Ilcio suiiucu uautag? ??..
scald, following the lands being
flooded. As a general rule the
crop is exceptionally fine, as are
other crops besides tobacco.
Waccamaw township had three
or four torrential rains fast week,
as did Shallotte, Lockwoods Folly
and North West. Town Creek
township also had heavy rains.
The one exception seems to have
been Smithville, in which Southport
is located. Only a small
amount has fallen here since the
tropical storm of over two weeks
In Caswell Beach
New Development Bidding
Fair To Become One Of
Most Attractive On Lower
Interest in Brunswick County's
latest beach development is
soaring, with inquiries relative to
building lots coming in from all
sides. All who have visited the
beach have been charmed by the
ever prevailing cool breezes coming
from the Atlantic. The beach
shore line, running cast and
west, is in position for the prevailing
southwest winds to sweep
in direct from the ocean. Inquiries
that have been made
since the recent purchase of the
property by Goldsboro interests
(Continued on Page Four) j
W. B. KEZLIH
Among other things of tho
week Willie Fullwood, Southport
business man, was right peeved
when, reading his favorite weekly,
he came across an item in
the Recorder's court news. There
were only two lines to it and all'
it said was: "Willie Fulwood,;
failing to stop at stop sign, |
$10.00 and costs." Now. Willie, j
this Willie, was right irritated. It
was not him, it was some other j
It happened last week that wej
decided to see if the fish were
biting at the Quarantine station
in the middle of the river and
two miles above town. We gotj
there alright, our only companion
being a young lady from Texas.1
The boat that took us was to]
return in 3 hours from up river, j
A storm set in up river and it ]
was six, instead of .three hours,!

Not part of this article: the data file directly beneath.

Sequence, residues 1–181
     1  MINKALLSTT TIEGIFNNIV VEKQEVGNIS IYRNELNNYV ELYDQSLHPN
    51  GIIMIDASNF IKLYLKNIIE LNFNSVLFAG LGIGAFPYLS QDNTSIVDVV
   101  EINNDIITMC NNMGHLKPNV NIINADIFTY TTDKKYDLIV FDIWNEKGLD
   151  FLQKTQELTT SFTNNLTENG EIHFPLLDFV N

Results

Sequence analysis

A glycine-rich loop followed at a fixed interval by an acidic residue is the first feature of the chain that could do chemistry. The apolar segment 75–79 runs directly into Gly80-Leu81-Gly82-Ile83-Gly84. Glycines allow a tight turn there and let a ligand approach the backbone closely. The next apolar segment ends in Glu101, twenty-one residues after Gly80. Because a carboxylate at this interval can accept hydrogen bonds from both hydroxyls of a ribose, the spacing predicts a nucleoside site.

before the boat returned. Dur-|
In A Good Cor
Wednesday, July lit!
Routine Day In
One Defendant Bound Over
To Superior Court, Most
Cases Heard Were Of
Trivial Nature And Drew
Following are the cases heard
by Judge John B. Ward in recorders
court on Monday:
| Joseph Newkirk, drunk on
highway, judgment suspended onl
payment of a fine of $15.00 and)
Willie Jones, driving on metal
rim on highway, judgment suspended
on payment of a fine of
$10.00 and costs.
Horace Stanley, improper lights,;
judgment suspended on payment j
of costs. Costs remitted.
Ullysses Granger, speeding, j
(judgment suspended on payment!
I of a fine of $10.00 and costs. Fine'
and costs remitted.
Jerry Walker, no operators li-;
cense, continued to July 16th.
Pair Hartfield, reckless opera- j
tion and no operators license, continued
to July 23rd.
Lester L. Smith, speeding and!
no operators license, judgment
suspended on payment of a fine,
of $15.00 and costs .
Lubbie Jones, drunk on highway,
continued to July 16th.
John Brown, larceny, bound
over to superior court under
Alex Porter, no operators 11I
cense and passing traffic on
U UI V V,, JUUgJUCIll ouopcuucu
payment of costs .
Ralph Hamilton Ellis, speeding,
judgment suspended on payment
of a fine of $10.00 and costs.
U. G. Gause, possession, not
Emma Flowers, possession,
judgment suspended on payment
of a fine of $100.00 and costs
and defendant placed on good
1 behavior for two years.
Ball Team Makes
Its Eighth Win
| Team Unbeaten In Eight
Games Played This Year,
Hannah And Webb Batteries
In All Games
I Defeating Hampstead at Hamp
ing that interval we caught one,
spot that was six inches in length j